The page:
The social determinants of health are the conditions in which people are born, grow, live, work and age.1 You’ve probably seen or read the term in headlines, presented at conferences, or discussed at roundtables and meeting, but how are social determinants of health (SDoH) relevant to pharma?
Sachin Jain MD, MBA, Former CMIO of Merck explains it this way, “Every brand needs to take a precision approach to addressing social determinants, biopharma has a huge opportunity and imperative. You can produce medicines that will change lives, but if you don’t have the living conditions to support effective use of those medicines, we’re missing an opportunity to improve human health.”
Determinants, or drivers of health, are not a novel concept, yet there has been explosion of interest across the healthcare value chain. In fact, the “aha” moment was when healthcare stakeholders realized that in order to achieve optimal health outcomes AND value for healthcare services, determinants need to be addressed.
In the shift from volume to value, understanding the complexity of patients’ lives is re-shaping drug development and commercialization. Only by analyzing data collected in routine medical care, and eventually from patients’ day-to-day lives, can pharma align with providers, payers, and regulators to design digital or traditional therapeutic interventions that will not fail in the face of complex real life.2
Studies show that there are correlations to how patients live their lives and how effective drugs are. Coupling this with arguably one of the most important determinants, health literacy, pharma has an incentive and an opportunity to address SDoH in a variety of ways. Patients from traditionally disadvantaged social groups, limited education, or income levels have struggled with medication management. Rarely does a patient not want to be healthy, yet there are other obstacles keeping them from medication adherence.3 Patients don’t wake up in the morning and think “I’m not going to follow what my doctor told me to do today.”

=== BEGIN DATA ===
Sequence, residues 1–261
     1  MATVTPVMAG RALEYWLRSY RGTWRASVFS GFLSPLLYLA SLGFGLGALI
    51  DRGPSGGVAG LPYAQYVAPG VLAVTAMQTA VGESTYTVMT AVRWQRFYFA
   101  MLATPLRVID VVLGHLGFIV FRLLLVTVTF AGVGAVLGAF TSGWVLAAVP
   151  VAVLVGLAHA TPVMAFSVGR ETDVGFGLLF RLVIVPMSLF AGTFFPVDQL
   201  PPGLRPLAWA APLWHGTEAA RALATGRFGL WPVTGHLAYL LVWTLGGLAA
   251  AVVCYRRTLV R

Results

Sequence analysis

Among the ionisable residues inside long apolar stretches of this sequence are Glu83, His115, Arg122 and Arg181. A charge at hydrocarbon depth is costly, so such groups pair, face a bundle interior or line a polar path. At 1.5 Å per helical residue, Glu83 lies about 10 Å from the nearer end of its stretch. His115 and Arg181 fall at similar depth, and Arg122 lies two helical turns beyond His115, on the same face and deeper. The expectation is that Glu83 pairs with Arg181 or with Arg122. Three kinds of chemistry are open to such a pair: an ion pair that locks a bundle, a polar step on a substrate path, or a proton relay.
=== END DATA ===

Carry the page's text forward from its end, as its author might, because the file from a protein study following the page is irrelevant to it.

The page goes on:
There are a variety of societal challenges that keep patients from taking their medications such as high out of pocket costs, mobility, inability to get to the pharmacy, limited educational attainment, and health literacy. Pharma can work with local communities to promote health by offering free transportation to and from pharmacies and doctor appointments, or working with health systems to improve health literacy in underserved communities. Prescriptions, at times, can be too difficult to access due to lack of insurance coverage, and although pharma offers substantial patient support programs, there is still systematic policy issues around coinsurance and who pays for the healthcare services and drugs used.
Social determinants such as food insecurity, transportation, job training, education, housing, and health literacy can impact clinical outcomes substantially. So who’s responsibility is it anyway to address these determinants? Well as lines of responsibility become blurred in today’s healthcare consumer-centric era, stakeholders need to work together, and take responsibility for the patient. Going beyond the pill to bundle drugs with lightweight services, whether it’s a screening, a referral or some financial assistance, are some ways pharma can address social determinants of health.
Of the determinants listed previously, many are the underlying symptoms that can lead to low rates of medication adherence. Medication adherence is and always has been a significant issue for pharma, and employing digital technologies such as apps and smart pill bottles are helping to solve this complex puzzle . Only by going a layer deeper, by learning about the true needs of the patients they are serving, will pharma truly solve this issue and improve outcomes.